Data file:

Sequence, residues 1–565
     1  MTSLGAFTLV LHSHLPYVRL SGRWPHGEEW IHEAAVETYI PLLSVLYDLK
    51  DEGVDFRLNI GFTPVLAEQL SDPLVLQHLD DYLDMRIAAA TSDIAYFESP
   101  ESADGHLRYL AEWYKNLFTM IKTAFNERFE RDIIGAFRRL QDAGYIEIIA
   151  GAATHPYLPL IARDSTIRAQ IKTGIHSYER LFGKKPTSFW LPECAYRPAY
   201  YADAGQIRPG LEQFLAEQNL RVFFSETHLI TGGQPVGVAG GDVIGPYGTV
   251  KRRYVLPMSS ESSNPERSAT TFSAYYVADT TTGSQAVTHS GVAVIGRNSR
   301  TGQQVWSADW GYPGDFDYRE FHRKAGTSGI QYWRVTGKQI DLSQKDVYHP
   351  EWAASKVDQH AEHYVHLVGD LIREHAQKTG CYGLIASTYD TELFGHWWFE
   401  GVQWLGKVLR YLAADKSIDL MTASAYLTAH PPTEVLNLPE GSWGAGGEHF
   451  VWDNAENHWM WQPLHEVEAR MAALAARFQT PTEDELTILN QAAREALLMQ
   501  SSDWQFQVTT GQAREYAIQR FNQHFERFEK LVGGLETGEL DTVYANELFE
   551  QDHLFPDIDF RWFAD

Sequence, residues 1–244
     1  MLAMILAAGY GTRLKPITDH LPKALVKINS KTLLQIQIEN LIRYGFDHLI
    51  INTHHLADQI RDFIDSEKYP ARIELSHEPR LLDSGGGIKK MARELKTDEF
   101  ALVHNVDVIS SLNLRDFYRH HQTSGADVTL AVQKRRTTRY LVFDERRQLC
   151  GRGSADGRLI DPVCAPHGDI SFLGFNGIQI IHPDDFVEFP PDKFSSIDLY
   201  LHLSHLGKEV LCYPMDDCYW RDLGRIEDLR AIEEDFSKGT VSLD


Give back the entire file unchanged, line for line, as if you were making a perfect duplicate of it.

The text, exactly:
Sequence, residues 1–565
     1  MTSLGAFTLV LHSHLPYVRL SGRWPHGEEW IHEAAVETYI PLLSVLYDLK
    51  DEGVDFRLNI GFTPVLAEQL SDPLVLQHLD DYLDMRIAAA TSDIAYFESP
   101  ESADGHLRYL AEWYKNLFTM IKTAFNERFE RDIIGAFRRL QDAGYIEIIA
   151  GAATHPYLPL IARDSTIRAQ IKTGIHSYER LFGKKPTSFW LPECAYRPAY
   201  YADAGQIRPG LEQFLAEQNL RVFFSETHLI TGGQPVGVAG GDVIGPYGTV
   251  KRRYVLPMSS ESSNPERSAT TFSAYYVADT TTGSQAVTHS GVAVIGRNSR
   301  TGQQVWSADW GYPGDFDYRE FHRKAGTSGI QYWRVTGKQI DLSQKDVYHP
   351  EWAASKVDQH AEHYVHLVGD LIREHAQKTG CYGLIASTYD TELFGHWWFE
   401  GVQWLGKVLR YLAADKSIDL MTASAYLTAH PPTEVLNLPE GSWGAGGEHF
   451  VWDNAENHWM WQPLHEVEAR MAALAARFQT PTEDELTILN QAAREALLMQ
   501  SSDWQFQVTT GQAREYAIQR FNQHFERFEK LVGGLETGEL DTVYANELFE
   551  QDHLFPDIDF RWFAD

Sequence, residues 1–244
     1  MLAMILAAGY GTRLKPITDH LPKALVKINS KTLLQIQIEN LIRYGFDHLI
    51  INTHHLADQI RDFIDSEKYP ARIELSHEPR LLDSGGGIKK MARELKTDEF
   101  ALVHNVDVIS SLNLRDFYRH HQTSGADVTL AVQKRRTTRY LVFDERRQLC
   151  GRGSADGRLI DPVCAPHGDI SFLGFNGIQI IHPDDFVEFP PDKFSSIDLY
   201  LHLSHLGKEV LCYPMDDCYW RDLGRIEDLR AIEEDFSKGT VSLD